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Home https://server7.kproxy.com/servlet/redirect.srv/sruj/smyrwpoii/p2/ Science https://server7.kproxy.com/servlet/redirect.srv/sruj/smyrwpoii/p2/ Yellowstone: How a "frightening" 7.3-magnitude earthquake shook the park – Earth opened | Science News

Yellowstone: How a "frightening" 7.3-magnitude earthquake shook the park – Earth opened | Science News



Caldera Yellowstone gets its freezing nickname as a super volcano for its ability to cause global devastation. Located beneath Wyoming, Montana, and Idaho, the overvolcano is constantly monitored by USGS for signs that overesthesia is occurring. One of the key things researchers are looking for is the earthquake in the area because of fears that it could erupt.

There were 135 earthquakes in July in the Yellowstone area, including a swarm of 78 tremors

for the month is magnitude 2.9, which was not reported by anyone in the park at that time.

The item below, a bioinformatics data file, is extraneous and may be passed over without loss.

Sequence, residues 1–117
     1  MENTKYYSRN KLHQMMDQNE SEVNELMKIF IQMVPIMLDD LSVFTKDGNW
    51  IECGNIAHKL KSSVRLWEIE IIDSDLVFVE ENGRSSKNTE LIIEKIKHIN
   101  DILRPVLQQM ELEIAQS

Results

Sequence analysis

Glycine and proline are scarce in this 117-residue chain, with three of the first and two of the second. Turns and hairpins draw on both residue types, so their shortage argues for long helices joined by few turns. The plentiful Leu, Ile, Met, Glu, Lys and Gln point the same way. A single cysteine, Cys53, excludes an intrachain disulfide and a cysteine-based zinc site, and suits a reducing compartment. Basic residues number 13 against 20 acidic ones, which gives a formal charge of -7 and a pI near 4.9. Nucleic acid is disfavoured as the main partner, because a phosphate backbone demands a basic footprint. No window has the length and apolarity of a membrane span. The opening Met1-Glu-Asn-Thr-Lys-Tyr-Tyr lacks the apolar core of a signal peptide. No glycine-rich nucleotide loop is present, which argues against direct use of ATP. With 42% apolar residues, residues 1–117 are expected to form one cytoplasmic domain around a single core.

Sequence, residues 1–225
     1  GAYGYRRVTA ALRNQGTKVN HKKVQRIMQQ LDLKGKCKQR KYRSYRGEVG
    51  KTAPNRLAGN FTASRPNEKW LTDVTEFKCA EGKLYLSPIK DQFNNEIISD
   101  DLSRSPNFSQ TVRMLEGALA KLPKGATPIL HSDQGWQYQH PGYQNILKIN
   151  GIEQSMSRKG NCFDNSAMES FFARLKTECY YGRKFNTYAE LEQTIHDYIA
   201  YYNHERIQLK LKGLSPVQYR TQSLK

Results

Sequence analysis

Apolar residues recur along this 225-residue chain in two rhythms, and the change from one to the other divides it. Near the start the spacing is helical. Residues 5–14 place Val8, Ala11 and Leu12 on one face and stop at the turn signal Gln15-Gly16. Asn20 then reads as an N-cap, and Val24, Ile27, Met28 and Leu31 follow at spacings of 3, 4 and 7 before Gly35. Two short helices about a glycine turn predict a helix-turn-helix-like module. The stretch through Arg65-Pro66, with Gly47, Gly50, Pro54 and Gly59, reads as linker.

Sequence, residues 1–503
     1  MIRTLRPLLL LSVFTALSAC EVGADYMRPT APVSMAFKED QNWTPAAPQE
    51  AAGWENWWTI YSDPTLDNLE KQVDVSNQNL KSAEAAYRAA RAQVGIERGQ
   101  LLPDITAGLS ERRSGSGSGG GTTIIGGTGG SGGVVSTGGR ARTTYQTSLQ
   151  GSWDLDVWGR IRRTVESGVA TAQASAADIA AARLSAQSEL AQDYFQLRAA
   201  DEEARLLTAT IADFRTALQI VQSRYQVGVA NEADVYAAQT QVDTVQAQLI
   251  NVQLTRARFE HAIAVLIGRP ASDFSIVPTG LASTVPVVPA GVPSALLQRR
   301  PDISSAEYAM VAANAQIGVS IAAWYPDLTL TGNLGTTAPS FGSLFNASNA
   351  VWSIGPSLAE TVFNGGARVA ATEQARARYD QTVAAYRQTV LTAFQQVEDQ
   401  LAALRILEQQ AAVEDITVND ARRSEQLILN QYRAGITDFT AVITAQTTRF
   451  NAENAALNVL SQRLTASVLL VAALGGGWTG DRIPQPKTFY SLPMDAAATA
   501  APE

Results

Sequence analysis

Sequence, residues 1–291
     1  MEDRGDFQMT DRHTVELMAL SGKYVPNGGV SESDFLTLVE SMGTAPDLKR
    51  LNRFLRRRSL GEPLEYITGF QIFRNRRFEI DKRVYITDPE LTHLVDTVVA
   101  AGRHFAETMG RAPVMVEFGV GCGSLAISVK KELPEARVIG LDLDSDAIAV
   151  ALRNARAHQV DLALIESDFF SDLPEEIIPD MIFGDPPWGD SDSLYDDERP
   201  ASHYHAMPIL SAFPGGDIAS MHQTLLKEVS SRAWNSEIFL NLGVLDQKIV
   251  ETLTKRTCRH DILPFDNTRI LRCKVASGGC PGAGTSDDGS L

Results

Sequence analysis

However, these natural events can be much more dangerous if they occur on a larger scale, and researchers are more than aware of this.

USGS student Mike Poland revealed in his monthly update how things were much different 60 years ago.

He said : "August is an important jubilee for Yellowstone.

"60 years ago the earthquake in Hebgen Lake in 1

959 occurred on 17 August at 11:37 in the night.

"Here is a picture of the scale of the fault that was formed during the earthquake.

"In fact, you can still visit this scarf from destruction today.

"I think this anniversary is a good reminder to us that the dangers of an earthquake in the Yellowstone area are quite significant.

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"You can actually see the land open."

The event triggered a massive avalanche of rocks, soil and trees that descended from the south wall of the Madison River Canyon at about 100 mph.

It took less than one minute for the 80 million tonnes of rock to hit the narrow canyon, blocking the river and creating the lake.

The fallen material forms a wall blocking the stream of the Madison River.

In just three weeks, the cursed river created a lake more than 170 feet deep. Today, tourists in the area can stop by the Lake Earthquake Visitor Center, 27 miles north of West Yellowstone, to relive the horrors of more than half a century ago.


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